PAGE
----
At Prime Minister’s Questions in Parliament this week, I pressed the Theresa May about fears that cancer patients at the Churchill Hospital in Oxford might face delays and cancellations to their care. She claimed that there were ‘no plans’ to cut cancer care. However, that very term – ‘no plans’ – is too often used by the government to mean that cuts are just around the corner.
My question followed the evidence outlined in a memo by the Churchill Hospital’s head of chemotherapy Dr Andrew Weaver in which he clearly warns NHS managers that the hospital does not have enough specialist nurses trained to administer chemotherapy. Dr Weaver writes ‘as a consequence we are having to delay chemotherapy patients’ starting times to four weeks.’ The memo also suggests that treatment to alleviate cancer symptoms be cut back from six cycles to four: ‘I know that many of us will find it difficult to accept these changes but the bottom line is that the current situation with limited numbers of staff is unsustainable.’
Clinicians warning NHS managers about staff shortages reflects a genuine concern about patient safety, despite the response from the local NHS Trust’s spokespeople that the memo was merely presenting a range of options for discussion. Demands for cancer services are increasing, but there are not enough nurses and other staff to meet the need. The charity Cancer Research UK says that the non-surgical NHS workforce dealing with cancer has increased by 4 per cent since 2014, but that cases of cancer have risen by 8 per cent each year. Ministers have simply failed to recruit and train enough staff.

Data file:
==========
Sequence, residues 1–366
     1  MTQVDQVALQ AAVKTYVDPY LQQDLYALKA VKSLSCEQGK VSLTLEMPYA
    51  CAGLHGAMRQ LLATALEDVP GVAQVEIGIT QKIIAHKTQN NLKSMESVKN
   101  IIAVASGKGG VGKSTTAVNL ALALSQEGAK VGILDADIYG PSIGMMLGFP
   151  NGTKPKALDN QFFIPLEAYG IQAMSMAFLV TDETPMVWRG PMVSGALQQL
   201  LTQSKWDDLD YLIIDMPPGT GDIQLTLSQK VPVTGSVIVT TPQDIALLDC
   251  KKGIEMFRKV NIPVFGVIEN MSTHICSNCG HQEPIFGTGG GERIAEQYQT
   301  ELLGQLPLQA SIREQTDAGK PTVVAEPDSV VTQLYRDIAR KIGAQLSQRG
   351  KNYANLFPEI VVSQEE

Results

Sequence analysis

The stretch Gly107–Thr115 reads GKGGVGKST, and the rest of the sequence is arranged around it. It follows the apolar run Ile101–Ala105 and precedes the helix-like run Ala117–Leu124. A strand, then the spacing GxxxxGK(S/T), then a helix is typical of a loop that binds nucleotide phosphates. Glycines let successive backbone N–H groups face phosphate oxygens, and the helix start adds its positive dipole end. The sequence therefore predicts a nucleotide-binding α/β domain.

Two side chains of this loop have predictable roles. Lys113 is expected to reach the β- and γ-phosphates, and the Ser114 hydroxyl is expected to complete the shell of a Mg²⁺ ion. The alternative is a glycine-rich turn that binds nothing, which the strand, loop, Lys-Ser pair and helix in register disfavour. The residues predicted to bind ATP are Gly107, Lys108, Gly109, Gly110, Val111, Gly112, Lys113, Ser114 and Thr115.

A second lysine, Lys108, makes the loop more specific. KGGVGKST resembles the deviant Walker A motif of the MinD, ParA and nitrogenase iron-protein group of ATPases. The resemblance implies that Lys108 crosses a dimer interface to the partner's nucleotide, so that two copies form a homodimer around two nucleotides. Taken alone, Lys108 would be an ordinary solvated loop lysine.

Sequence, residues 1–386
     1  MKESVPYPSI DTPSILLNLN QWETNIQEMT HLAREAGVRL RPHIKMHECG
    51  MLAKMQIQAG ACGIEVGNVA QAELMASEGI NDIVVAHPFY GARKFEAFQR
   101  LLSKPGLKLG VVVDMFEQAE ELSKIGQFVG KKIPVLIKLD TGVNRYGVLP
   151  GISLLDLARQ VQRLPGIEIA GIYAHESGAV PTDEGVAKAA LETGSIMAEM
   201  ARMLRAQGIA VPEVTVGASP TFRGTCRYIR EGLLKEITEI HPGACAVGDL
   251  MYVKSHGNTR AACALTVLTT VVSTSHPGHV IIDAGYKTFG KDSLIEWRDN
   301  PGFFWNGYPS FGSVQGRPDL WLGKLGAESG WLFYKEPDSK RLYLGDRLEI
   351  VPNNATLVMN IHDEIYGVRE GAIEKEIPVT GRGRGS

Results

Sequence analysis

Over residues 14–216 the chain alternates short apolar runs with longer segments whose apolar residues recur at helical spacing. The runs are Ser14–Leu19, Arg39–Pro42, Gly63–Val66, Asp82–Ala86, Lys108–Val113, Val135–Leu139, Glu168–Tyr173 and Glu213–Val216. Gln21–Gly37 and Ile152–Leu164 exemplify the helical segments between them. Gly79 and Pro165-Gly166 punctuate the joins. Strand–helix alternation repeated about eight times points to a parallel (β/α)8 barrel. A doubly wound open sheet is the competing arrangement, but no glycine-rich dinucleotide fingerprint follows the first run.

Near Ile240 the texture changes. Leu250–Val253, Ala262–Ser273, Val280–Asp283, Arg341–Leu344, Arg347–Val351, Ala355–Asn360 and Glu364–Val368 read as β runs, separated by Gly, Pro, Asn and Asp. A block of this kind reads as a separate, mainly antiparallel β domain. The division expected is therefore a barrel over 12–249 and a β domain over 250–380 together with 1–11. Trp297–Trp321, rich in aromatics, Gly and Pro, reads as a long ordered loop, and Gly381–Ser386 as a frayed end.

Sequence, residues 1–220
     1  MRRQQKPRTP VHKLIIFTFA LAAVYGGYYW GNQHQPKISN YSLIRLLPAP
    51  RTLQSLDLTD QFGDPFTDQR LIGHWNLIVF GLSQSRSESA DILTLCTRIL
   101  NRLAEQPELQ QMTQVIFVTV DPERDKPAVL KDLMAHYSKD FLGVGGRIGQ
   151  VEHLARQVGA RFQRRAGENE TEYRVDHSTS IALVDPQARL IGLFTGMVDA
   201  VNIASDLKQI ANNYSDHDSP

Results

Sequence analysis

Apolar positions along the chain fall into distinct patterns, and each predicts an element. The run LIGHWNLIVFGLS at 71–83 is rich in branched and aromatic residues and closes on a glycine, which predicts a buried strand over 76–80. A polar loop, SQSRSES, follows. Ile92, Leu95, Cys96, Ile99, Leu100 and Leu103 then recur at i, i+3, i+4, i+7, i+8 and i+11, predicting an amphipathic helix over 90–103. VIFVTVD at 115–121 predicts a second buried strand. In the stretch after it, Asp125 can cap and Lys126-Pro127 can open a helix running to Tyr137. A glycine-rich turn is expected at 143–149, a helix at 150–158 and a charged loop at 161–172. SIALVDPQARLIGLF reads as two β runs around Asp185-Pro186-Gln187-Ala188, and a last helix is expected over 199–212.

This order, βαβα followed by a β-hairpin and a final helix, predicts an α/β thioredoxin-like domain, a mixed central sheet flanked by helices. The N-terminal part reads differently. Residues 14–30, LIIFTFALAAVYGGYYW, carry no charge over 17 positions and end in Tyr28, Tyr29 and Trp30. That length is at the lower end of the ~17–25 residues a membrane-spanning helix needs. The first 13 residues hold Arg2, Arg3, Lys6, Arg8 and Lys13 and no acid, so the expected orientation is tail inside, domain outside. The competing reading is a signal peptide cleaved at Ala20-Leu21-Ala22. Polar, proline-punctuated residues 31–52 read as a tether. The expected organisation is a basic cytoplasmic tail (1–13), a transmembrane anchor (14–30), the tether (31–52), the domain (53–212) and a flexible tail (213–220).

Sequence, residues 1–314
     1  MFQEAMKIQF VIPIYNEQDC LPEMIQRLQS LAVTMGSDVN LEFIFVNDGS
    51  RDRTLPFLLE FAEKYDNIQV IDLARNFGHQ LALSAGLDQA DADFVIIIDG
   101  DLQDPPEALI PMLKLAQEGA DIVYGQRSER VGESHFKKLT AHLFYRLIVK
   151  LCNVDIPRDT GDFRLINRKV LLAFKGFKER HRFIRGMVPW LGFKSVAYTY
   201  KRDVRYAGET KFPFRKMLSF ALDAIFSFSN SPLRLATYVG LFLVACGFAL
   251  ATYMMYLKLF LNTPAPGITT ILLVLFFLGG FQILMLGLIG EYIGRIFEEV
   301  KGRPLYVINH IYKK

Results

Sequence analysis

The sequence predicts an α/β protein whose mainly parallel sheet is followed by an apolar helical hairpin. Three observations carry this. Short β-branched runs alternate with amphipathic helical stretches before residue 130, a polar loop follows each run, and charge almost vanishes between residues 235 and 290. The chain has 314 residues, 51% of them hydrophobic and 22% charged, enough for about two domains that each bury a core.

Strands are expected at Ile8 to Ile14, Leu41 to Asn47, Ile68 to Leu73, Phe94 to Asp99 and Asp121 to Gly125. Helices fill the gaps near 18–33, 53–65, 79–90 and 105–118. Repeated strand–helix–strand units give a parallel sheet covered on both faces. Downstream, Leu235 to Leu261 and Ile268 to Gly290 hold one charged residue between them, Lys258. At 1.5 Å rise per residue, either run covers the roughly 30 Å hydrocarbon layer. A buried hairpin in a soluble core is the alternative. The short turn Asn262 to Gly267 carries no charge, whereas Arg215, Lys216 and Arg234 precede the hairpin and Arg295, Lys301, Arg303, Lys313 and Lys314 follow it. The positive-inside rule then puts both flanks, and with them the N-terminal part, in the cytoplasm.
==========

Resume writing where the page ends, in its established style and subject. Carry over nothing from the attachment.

The Tories continue to publicly deny there’s a problem in the NHS, and carry on claiming all is well. But patients, doctors, and nurses, know otherwise.
You simply can’t expect to meet the growing demands of an ageing population with tightened resources.
This is not just a winter crisis. It is an all-year-round funding crisis, a year-round staffing crisis, a year-round social care crisis and a year-round health inequality crisis, manufactured in Downing Street by this government.
According to research from the Kings Fund, NHS spending was 6.3 per cent of GDP in 2000. By 2009 it rose to 8.8 per cent under the last Labour government. Under the Tories it has fallen back, despite growing demand. Under the Tories, the NHS is having to deal with the largest ever sustained reduction in NHS spending as a percentage of GDP.
In short, we are going backwards. The time for action is now.
Labour’s Opposition Day debate that followed Prime Minister’s Questions pointed to the solution – an end to costly, unnecessary reorganisations, and sustained long-term funding that matches demand.